Tyler Murray handles broadcasting duties for the Dunedin Blue Jays.
DUNEDIN – Light rain sprinkled from the dark gray clouds billowing over Florida Auto Exchange Stadium on a humid summer night.
On the field, the Dunedin Blue Jays were playing the Daytona Cubs.
In the broadcast booth, play-by-play announcer Tyler Murray was calling the game with one eye on the diamond below and the other on the weather radar on his laptop computer.
Then came a text message. Murray passed the announcing to his assistant, took off his headset and ran down to the field – for tarp duty.
Murray, 23, wears many hats. As the Blue Jays’ broadcasting coordinator, he is the principal play-by-play broadcaster, media relations guy and jack-of-all-trades. And when it rains, he helps the grounds crew and other staff members cover the field with a tarp.
Like the players on the field, Murray hopes to make it to the big leagues someday, to be a voice heard by millions. But for now, he said, he is living the dream.
“I have my dream job right now,” he said. “Maybe not the dream fan base, ballpark or salary, but our fans are loyal, the team is great, and I make enough to break even on rent and food every month.
“I’m doing everything I can to advance up the ladder. Just like the players, our dream is to make it to the bigs. For me, it’s all about staying in sports and staying on the air.”
Murray was born in Riverside, Connecticut, and moved to Medfield, Massachusetts, when he was 7. “I was a New York (Yankees) fan in Boston territory,” he said.
Murray’s passion for sports journalism began when he was in high school.
“Everyone always says, ‘We love sports, but we’re not good enough to play,’ but I’ll do you one better,” he said. “I’d go home every afternoon and read the daily Yankees news written by Mark Feinsand.”
Murray graduated from Boston University with a degree in journalism. He started with a concentration in writing because of his love for English and writing in high school. People started telling him he had a good radio voice, however, and he enjoyed hanging around the school’s radio station. So he switched his concentration to broadcast journalism.
After college, Murray worked as the assistant director of broadcasting and media relations for the Daytona Cubs. His supervisor, Robbie Aaron, helped Murray get the position with the Dunedin Blue Jays, the Class A-Advanced affiliate of the Toronto Blue Jays.
In Dunedin, a typical day at the ballpark for Murray begins at 10:30 a.m., roughly eight hours before the first pitch.
Murray arrives at the stadium and starts by printing lineups and putting together game notes. He calls it the “bare minimum to start. Every day something else pops up like a graphic, press release, promotions schedule, etc., etc.”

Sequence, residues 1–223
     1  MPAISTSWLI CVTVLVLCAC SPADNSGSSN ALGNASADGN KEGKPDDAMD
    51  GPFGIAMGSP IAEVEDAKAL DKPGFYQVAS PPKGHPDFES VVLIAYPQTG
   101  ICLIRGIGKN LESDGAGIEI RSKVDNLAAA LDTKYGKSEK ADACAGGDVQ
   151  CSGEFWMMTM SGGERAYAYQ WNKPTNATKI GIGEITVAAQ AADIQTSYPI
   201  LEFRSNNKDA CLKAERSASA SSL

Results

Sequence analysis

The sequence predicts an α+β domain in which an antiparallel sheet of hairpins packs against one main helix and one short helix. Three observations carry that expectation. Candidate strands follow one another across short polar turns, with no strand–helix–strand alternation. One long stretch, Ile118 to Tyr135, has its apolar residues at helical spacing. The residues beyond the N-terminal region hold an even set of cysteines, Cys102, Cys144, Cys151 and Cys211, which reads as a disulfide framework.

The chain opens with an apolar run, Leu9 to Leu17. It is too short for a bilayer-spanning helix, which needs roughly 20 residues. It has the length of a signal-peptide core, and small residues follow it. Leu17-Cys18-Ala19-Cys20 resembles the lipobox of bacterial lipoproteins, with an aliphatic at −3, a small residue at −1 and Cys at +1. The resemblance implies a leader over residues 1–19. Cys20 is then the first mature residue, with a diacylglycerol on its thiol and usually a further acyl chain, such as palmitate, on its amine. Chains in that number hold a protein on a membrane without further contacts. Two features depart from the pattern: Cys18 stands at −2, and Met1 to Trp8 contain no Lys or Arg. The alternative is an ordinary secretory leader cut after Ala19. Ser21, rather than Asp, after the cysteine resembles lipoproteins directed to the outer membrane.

At 3 p.m., game notes and lineups are distributed. Al Hernandez, the assistant coordinator of broadcasting and media relations, goes to the home and visiting clubhouses and the press box to drop them off.
“After the game note prep, we can get to the fun stuff,” Murray said.
From 4 to 5 p.m., he and Hernandez put the scorecard stats together and interview a player. They split this task and after batting practice one goes into the clubhouse to catch a player. The interview takes four to five minutes, depending on the player.
“Usually it’s a hot hitter,” said Hernandez. “Tyler (Murray) doesn’t like to interview someone too good because he doesn’t want to jinx him. Sometimes interviews last longer, especially when they’re talking to Tyler; he’s good at shooting the s—-.”
During this time, Murray prepares his scorecard by looking up each player on both teams to reference during the broadcast. This helps him offer details about each player – height, weight, when they were drafted – while they’re at bat.
At 6:15 p.m., Murray and Hernandez begin the play-by-play, which is aired online and broadcast on WTAN-AM 1340 every Saturday.
For most game broadcasts, Murray does the play-by-play for the first three innings. Hernandez takes over until the seventh inning, and Murray finishes off the broadcast. Both chat and joke during lulls in on-field action. But as soon as something happens on the diamond, the chat stops mid-sentence, to be finished after the action is reported.
During a game in June, Murray and Hernandez were on alert for the possibility of rain. Other teams in the area were having rain delays and rainouts.
Murray got the signal and went to sit by the tarp while Hernandez held down the broadcast. When Murray returned a few innings later, Hernandez went down to the field to replace him. The radar on Murray’s computer showed the bay area covered in rain, but for the night, the stadium stayed dry.
After the game, Hernandez went to do an on-field interview and Murray wrapped up the broadcast by playing highlights and giving a preview of the next day’s game.
He finished his day at 10 p.m. and headed for his nearby home.
Tomorrow he’ll do it all again.
Taylor Williams is a student journalist in the Neighborhood News Bureau at the University of South Florida St. Petersburg. Reach her at 941-268-6343.